Lucretia Mott


Lucretia Coffin was born into a Quaker family in Massachusetts, and at thirteen she was sent to the Nine Partners Quaker Boarding School, where she become a teacher after her graduation. Upon her discovery that the school’s male educators were much better paid than their female counterparts, she grew interested for the first time in female rights in America. In 1812, she married James Mott, another teacher at the school, and she later gave birth to six children, five of whom survived to adulthood.

Lucretia Mott
Like many Quakers, Lucretia was a staunch abolitionist, and after becoming a minister in 1821 she began to speak publicly against slavery. She and her husband often sheltered runaway slaves in their home, and in 1833 they created the Pennsylvania Anti-Slavery Society. Later that year, they attended a meeting held by William Lloyd Garrison to expand the abolitionist movement, and shortly thereafter Lucretia founded the Philadelphia Female Anti-Slavery Society. She preached at African-American parishes, and despite persecution and pain from dyspepsia, she continued to maintain her home as well as donate to various charities. Many members of the abolitionist movement, however, disapproved of having a woman so involved in the cause, and she received criticism and threats after her leading role in the 1837 Anti-Slavery Convention of American Women.

Lucretia would not let such comments affect her goals of abolishing slavery, and in 1840 she spoke again at the International Anti-Slavery Convention in London. Women at that time were made to sit in segregated seating, out of sight of the men, but Mott was honored with a chair from which she could view the proceedings. Many delegates approached her after the convention, and she was the only American woman included in a painting commemorating the event. Upon her return to America, she once again took up her cause with vigor, even gaining a personal audience with President John Tyler. She also began focusing on women’s rights, and in 1848 she and fellow activist Elizabeth Cady Stanton organized the Seneca Falls Convention, the first women’s rights meeting in the United States. In partnership with Stanton, Susan B. Anthony, and Lucy Stone, she founded the American Equal Rights Association, and after the Civil War, she was elected as its first president. She passed away in 1880 of pneumonia, and she is commemorated in a sculpture at the U.S. Capitol. In 1983, she was inducted into the U.S. National Women’s Hall of Fame.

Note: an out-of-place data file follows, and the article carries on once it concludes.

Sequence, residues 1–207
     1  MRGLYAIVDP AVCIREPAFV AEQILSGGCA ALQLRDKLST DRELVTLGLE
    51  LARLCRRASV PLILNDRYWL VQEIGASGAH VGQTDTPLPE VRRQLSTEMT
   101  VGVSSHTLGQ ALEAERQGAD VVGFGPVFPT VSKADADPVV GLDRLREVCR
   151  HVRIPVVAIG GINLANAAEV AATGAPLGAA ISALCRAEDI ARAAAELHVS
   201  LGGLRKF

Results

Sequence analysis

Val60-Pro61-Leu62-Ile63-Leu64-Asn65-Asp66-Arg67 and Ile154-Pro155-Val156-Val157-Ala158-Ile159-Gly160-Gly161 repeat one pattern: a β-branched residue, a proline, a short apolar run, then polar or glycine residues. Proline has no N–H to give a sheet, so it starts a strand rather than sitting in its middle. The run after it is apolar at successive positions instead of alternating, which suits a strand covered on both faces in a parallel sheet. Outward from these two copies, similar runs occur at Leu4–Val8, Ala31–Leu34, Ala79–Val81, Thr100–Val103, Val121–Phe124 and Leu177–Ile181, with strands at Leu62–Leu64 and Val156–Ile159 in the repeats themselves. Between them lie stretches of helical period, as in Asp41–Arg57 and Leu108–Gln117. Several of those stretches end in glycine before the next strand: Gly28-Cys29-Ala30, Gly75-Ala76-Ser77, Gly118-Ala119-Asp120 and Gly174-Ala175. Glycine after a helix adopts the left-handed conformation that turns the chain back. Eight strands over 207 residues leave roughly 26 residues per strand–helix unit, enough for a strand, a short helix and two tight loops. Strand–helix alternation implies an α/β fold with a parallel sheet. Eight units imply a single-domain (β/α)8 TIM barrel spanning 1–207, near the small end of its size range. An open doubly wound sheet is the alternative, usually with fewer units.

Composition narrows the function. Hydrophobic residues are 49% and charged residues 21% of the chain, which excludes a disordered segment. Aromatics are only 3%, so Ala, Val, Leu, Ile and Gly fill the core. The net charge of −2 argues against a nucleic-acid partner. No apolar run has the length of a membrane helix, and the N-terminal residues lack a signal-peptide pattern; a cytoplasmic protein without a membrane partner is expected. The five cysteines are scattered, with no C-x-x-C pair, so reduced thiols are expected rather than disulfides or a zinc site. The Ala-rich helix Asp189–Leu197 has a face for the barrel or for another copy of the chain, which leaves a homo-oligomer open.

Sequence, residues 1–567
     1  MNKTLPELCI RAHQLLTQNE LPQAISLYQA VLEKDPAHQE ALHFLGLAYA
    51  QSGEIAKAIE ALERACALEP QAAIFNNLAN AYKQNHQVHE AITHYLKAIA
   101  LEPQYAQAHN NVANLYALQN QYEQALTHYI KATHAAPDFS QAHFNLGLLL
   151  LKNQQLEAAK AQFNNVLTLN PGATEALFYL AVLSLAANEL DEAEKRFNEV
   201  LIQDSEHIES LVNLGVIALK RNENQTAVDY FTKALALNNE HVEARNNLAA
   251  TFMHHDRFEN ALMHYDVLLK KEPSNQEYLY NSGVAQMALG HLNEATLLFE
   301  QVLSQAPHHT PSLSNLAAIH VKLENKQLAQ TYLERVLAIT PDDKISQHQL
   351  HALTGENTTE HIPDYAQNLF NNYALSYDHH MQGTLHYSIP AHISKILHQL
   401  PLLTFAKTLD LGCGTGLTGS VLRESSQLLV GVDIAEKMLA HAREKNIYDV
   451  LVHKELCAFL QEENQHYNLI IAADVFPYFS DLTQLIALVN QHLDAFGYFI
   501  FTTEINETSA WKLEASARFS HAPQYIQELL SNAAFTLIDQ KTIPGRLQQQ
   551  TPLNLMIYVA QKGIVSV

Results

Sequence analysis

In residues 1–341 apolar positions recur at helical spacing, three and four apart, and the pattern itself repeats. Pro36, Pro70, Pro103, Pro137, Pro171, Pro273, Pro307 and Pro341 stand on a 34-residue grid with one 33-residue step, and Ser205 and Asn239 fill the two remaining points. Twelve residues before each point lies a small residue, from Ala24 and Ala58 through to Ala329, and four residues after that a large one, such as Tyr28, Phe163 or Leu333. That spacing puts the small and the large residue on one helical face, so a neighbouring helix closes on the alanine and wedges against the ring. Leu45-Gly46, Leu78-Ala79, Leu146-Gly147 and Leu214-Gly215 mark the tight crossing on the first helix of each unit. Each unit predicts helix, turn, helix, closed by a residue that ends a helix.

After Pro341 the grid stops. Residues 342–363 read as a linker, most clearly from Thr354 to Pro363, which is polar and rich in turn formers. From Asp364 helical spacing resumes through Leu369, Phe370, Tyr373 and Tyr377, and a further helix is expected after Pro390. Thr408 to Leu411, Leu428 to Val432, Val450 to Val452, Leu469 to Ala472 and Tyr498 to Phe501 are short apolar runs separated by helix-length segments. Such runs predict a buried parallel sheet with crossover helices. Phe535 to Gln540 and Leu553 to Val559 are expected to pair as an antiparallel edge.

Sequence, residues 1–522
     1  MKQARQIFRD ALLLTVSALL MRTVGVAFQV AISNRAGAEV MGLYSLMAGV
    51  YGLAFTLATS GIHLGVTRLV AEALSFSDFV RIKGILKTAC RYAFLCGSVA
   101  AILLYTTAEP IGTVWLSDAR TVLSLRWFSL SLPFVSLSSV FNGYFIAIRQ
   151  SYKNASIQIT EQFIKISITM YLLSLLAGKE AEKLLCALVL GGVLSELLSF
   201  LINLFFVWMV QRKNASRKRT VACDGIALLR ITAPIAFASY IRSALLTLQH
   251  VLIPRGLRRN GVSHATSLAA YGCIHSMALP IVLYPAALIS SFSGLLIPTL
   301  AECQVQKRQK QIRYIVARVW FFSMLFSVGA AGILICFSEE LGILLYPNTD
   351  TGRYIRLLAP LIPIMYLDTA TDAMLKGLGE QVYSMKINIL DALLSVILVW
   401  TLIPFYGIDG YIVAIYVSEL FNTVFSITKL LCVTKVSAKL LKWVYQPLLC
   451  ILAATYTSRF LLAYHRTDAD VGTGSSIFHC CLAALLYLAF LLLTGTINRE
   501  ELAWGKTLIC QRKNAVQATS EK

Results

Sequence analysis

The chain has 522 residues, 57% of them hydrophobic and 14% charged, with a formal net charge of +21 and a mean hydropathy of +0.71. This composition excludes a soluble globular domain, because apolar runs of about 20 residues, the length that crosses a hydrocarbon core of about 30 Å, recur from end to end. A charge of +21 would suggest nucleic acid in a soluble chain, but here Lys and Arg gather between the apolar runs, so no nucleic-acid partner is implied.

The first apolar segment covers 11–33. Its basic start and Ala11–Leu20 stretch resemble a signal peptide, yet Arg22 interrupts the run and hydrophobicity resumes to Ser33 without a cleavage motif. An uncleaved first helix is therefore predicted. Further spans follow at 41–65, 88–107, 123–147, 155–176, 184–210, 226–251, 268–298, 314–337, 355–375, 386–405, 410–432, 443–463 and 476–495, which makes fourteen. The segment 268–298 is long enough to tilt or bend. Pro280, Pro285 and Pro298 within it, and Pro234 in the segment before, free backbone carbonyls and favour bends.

Key events during the life of Lucretia Mott:

Attended the Nine Partners Quaker Boarding School.
Helped form the Free Religious Association.
Married James Mott.
Became a Quaker Minister.
the Pennsylvania Anti-Slavery Society together with her husband.
  Created the Philadelphia Female Anti-Slavery Society.
Helped organize the Anti-Slavery Convention of American Women.
Spoke at the International Anti-Slavery Convention in London.
Held the Seneca Falls Convention.
Wrote Discourse on Women.
Established the American Equal Rights Association.
Inducted into the U.S. National Women’s Hall of Fame.

Other Resources

Story Links
Book Links
Lucretia Mott  in  Heroes of Progress in America  by  Charles Morris

Image Links

'Roadside', the Home of Lucretia Mott
 in Heroes of Progress in America

Short Biography
Elizabeth Cady Stanton Early leader in the female suffrage, and temperance movement.
Susan B. Anthony Leader of the female suffrage and temperence movements who traveled widely and became a full time advocate.
William Lloyd Garrison Prominent abolitionist, well-known as the publisher of the Liberator, an abolitionist newspaper.
John Brown Radical abolitionist who condoned violence in order to abolish slavery. Led a raid on the armory in Harper's Ferry.
Dorothea Dix Reformer who sought to better the conditions of the mentally ill.